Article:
Menu

Join us for Divine Service each Sunday morning at 10:00am

Easter 5

April 24, 2016 Speaker: Murray Keith Series: Easter

Passage: Revelation 21:1–21:7

†††In the Name of Jesus†††

Pastor Murray Keith

Text: Revelation 21:1-7
Date: April 24th; Easter 5; Series C

Grace and peace to you from God our Father and our Lord and Saviour Jesus Christ.

Sin separates. It isolates. It works hard to leave you lonely and alone.

Think back to the Garden of Eden when the world was new and everything was good.

The Lord created Adam and shortly after announced, “It is not good for man to be alone.”

So, he created Eve. Adam and Eve were together, loving and serving each other and living in a harmonious relationship with God.

God told them to be fruitful and multiply - to have children so that more people could be together. And throughout all of this, God was with them too.

Because there was no sin - God could walk among his people in the Garden. No separation. No isolation.

But, as we know, Adam and Eve changed all of this when they fell into sin.

And what was their first response?

When they heard God approaching in the cool of the morning - they hid from him.

They wanted to be separated from his holiness.

When Adam was questioned by God about the sin he had committed - he immediately blamed the woman.

No longer were they together as a team – it quickly becomes every man for himself.

And that was only the beginning.

As God listed the consequences of sin, he told Adam what his lonely end would be, “Dust you are, and to dust you shall return.”

There is nothing more isolating in this world than the grave.

But, between now and the grave – sin is hard at work to isolate us today.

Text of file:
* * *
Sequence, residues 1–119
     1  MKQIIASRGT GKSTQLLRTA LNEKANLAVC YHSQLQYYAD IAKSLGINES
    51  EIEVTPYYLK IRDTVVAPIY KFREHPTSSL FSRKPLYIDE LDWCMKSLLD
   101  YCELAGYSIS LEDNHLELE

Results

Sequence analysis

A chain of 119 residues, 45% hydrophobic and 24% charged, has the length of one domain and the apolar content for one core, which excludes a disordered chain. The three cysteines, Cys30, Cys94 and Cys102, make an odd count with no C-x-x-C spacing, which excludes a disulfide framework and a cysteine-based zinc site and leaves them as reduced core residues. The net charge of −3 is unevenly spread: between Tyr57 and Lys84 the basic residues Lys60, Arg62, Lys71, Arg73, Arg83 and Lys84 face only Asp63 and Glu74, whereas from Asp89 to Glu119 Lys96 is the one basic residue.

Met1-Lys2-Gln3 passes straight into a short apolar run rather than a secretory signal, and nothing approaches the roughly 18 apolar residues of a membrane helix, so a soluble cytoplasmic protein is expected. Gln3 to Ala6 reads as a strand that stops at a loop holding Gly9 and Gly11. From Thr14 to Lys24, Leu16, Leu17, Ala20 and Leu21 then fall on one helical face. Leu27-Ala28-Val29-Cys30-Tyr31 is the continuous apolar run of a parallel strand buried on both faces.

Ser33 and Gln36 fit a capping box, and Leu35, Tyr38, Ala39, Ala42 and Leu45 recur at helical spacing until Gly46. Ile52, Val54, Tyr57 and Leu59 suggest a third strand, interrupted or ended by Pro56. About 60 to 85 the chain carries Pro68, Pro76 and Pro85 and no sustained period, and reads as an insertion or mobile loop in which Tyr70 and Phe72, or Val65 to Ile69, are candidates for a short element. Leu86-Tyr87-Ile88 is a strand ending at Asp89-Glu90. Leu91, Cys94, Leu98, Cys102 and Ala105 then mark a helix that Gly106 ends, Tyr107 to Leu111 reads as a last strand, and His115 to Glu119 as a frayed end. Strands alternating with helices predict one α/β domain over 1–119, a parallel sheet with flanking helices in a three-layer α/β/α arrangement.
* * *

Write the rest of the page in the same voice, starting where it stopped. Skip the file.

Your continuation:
Sin tries to destroy all of the relationships we have – relationships with our friends and family.

Petty actions and words cause barriers.

Being too prideful to ask for forgiveness when we have done wrong causes separation.

Being too stubborn to offer forgiveness when it is sought from us causes isolation.

Sin works hard to find any way that it can to rip us apart from each other.

Sin also causes separation by attacking our health.

When we are feeling well we are able to move around, visit others, join in activities with our friends and family.

When we are sick and injured we are left behind, homebound, feeling rotten. This too is the isolating effect of sin.

Although these consequences of sin cause us great hardship and sorrow today – the main goal is to lead you to eternal separation from God.

Sin isolates. We know it. We feel it.

Sometimes we experience it because of the sins that we commit and sometimes we feel it because of the sins of others.

Sometimes it is simply part of life in this fallen world.

But hear the Good News! “Behold, I am making all things new.”

That is what God declares from his throne in our text for this morning.

He is making all things new. He has paid the price to make all things new. He has reversed the curse that Adam and Eve brought upon creation.

Jesus Christ, true God from eternity, took on flesh and dwelt among us.